20-3d 2649.0 1807.7 2013.2 46.54 11.37 24.00 5400 135.7
20-3e 2904.7 1949.3 2141.2 49.01 9.84 26.29 5400 134.2
20-5a 5161.4 2951.8 3365.4 74.86 14.01 34.80 5400 216.4
20-5b 4527.3 2627.2 2992.6 72.32 13.91 33.90 5400 203.5
20-5c 4758.4 2698.5 3065.1 76.34 13.59 35.59 5400 218.8
20-5d 4474.2 2556.1 2852.5 75.04 11.60 36.25 5400 199.5
20-5e 4522.8 2573.0 2927.5 75.78 13.78 35.27 5400 220.3
30-3a 4964.2 2664.8 3003.9 86.29 12.73 39.49 7200 289.3
30-3b 5401.6 2922.8 3321.7 84.81 13.65 38.50 7200 276.8
30-3c 4688.7 2520.6 2860.1 86.02 13.47 39.00 7200 296.3
30-3d 4540.4 2381.9 2728.1 90.62 14.53 39.92 7200 295.3
30-3e 4654.2 2502.6 2844.2 85.97 13.65 38.89 7200 287.6
30-5a - 4325.6 5167.3 - 19.46 - 7200 356.7
30-5b 8140.4 4084.0 4859.6 99.32 18.99 40.30 7200 320.7
30-5c - 4390.0 5249.4 - 19.58 - 7200 364.3
30-5d - 3973.0 4733.7 - 19.15 - 7200 378.9
30-5e - 4154.9 4938.6 - 18.86 - 7200 352.1
40-3a 6214.3 2835.6 3371.3 119.15 18.89 45.75 10800 478.7
40-3b 6389.9 2832.7 3372.6 125.58 19.06 47.22 10800 480.3
40-3c - 2917.5 3469.4 - 18.92 - 10800 437.9
40-3d 6072.1 2832.0 3381.9 114.41 19.42 44.30 10800 509.3
40-3e 6112.3 3008.5 3590.5 103.17 19.35 41.26 10800 469.5
40-5a - 4824.4 6020.8 - 24.80 - 10800 597.3
40-5b - 5065.7 6325.8 - 24.88 - 10800 600.1
40-5c - 4944.1 6088.1 - 23.14 - 10800 623.5
40-5d - 4823.4 5940.9 - 23.17 - 10800 591.2
40-5e - 4664.0 5764.5 - 23.60 - 10800 589.7
Table 5.  Experimental results of large size instances
Instances $ Cplex_{Obj} $ LB $ ALNS_{Obj} $ $ Gap_{Cplex} $ $ Gap_{ALNS} $ $ Imp_{ALNS-Cplex} $ $ CPU_{Cplex} $ $ CPU_{ALNS} $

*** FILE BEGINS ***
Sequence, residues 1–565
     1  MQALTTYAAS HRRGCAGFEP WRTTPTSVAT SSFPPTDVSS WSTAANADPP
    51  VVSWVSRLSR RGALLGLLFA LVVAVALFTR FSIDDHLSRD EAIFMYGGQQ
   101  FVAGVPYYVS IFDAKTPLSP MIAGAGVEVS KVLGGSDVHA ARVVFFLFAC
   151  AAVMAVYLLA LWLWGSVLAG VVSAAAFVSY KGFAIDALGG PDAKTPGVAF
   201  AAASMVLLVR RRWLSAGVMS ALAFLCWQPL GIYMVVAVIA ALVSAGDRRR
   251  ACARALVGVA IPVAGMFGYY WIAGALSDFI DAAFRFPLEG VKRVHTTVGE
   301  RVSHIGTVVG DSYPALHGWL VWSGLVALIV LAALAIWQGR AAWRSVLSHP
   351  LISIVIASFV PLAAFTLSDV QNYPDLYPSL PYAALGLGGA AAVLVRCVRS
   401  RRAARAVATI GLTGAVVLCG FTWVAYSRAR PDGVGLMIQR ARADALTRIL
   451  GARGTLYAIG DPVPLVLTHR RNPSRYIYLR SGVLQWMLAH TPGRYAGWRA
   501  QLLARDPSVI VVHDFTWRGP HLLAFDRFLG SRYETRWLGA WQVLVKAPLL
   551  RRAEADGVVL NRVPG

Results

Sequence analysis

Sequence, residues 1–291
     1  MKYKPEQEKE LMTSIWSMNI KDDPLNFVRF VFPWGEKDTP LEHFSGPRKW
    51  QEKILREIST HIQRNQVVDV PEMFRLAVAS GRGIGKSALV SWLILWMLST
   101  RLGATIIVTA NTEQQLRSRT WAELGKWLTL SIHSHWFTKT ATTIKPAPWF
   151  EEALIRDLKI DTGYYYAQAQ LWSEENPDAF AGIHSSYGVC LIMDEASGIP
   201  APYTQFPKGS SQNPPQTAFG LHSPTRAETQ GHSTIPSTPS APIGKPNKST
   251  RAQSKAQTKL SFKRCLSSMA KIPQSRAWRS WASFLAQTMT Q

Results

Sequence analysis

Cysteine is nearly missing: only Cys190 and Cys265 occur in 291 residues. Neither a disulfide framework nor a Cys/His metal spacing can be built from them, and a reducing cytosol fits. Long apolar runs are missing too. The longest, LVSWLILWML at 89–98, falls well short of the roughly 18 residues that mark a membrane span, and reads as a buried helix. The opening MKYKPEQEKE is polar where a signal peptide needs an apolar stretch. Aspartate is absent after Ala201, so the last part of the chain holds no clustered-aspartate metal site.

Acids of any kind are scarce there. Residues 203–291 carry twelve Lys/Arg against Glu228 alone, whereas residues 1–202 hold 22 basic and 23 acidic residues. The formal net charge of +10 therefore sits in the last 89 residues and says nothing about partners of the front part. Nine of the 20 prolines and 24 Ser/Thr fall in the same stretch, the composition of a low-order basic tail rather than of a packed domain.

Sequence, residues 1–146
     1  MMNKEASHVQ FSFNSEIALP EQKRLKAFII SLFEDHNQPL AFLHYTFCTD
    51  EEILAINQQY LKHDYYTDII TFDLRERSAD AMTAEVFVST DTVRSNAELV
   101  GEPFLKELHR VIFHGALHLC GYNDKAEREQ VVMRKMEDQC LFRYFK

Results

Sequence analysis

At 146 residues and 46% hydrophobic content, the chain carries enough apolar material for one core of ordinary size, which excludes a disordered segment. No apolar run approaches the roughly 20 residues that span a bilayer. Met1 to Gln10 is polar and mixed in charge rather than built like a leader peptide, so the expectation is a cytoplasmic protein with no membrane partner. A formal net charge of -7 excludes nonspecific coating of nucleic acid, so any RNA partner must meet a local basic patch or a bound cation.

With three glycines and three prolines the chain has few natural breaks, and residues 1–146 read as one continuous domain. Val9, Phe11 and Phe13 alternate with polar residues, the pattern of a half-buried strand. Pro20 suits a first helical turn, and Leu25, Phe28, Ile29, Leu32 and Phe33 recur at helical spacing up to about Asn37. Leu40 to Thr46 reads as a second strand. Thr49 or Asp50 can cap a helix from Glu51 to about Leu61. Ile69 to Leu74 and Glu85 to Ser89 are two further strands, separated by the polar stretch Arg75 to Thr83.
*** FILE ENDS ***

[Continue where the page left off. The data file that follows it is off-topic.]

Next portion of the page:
60-3a 11510.5 4550.1 5313.7 152.97 16.78 53.84 14400 979.3
60-3b - 5140.4 5971.6 - 16.17 - 14400 1000.1
60-3c 11918.4 4742.3 5507.3 151.32 16.13 53.79 14400 1005.3
60-3d - 4340.2 5106.7 - 17.66 - 14400 989.3
60-3e 11509.7 4694.8 5494.9 145.16 17.04 52.26 14400 996.1
60-5a - 8123.9 9972.9 - 22.76 - 14400 1421.6
60-5b - 7669.4 9493.1 - 23.78 - 14400 1432.3
60-5c - 8041.2 9809.9 - 22.00 - 14400 1410.5
60-5d - 8318.1 10172.5 - 22.29 - 14400 1396.3
60-5e - 8372.7 10135.2 - 21.05 - 14400 1389.3
80-3a - 6288.6 7419.3 - 17.98 - 18000 1523.4
80-3b - 5992.0 7135.8 - 19.09 - 18000 1612.3
80-3c - 6431.5 7683.1 - 19.46 - 18000 1496.8
80-3d - 5785.2 6836.7 - 18.18 - 18000 1527.4
80-3e - 6104.0 7264.1 - 19.01 - 18000 1559.3
80-5a - 8670.0 10889.2 - 25.60 - 18000 1963.2
80-5b - 8260.9 10207.5 - 23.56 - 18000 2001.3
80-5c - 8855.8 11163.3 - 26.06 - 18000 1989.7
80-5d - 8611.5 10627.6 - 23.41 - 18000 1967.3
80-5e - 8596.7 10703.1 - 24.50 - 18000 1995.3
Instances $ Cplex_{Obj} $ LB $ ALNS_{Obj} $ $ Gap_{Cplex} $ $ Gap_{ALNS} $ $ Imp_{ALNS-Cplex} $ $ CPU_{Cplex} $ $ CPU_{ALNS} $
60-3a 11510.5 4550.1 5313.7 152.97 16.78 53.84 14400 979.3
60-3b - 5140.4 5971.6 - 16.17 - 14400 1000.1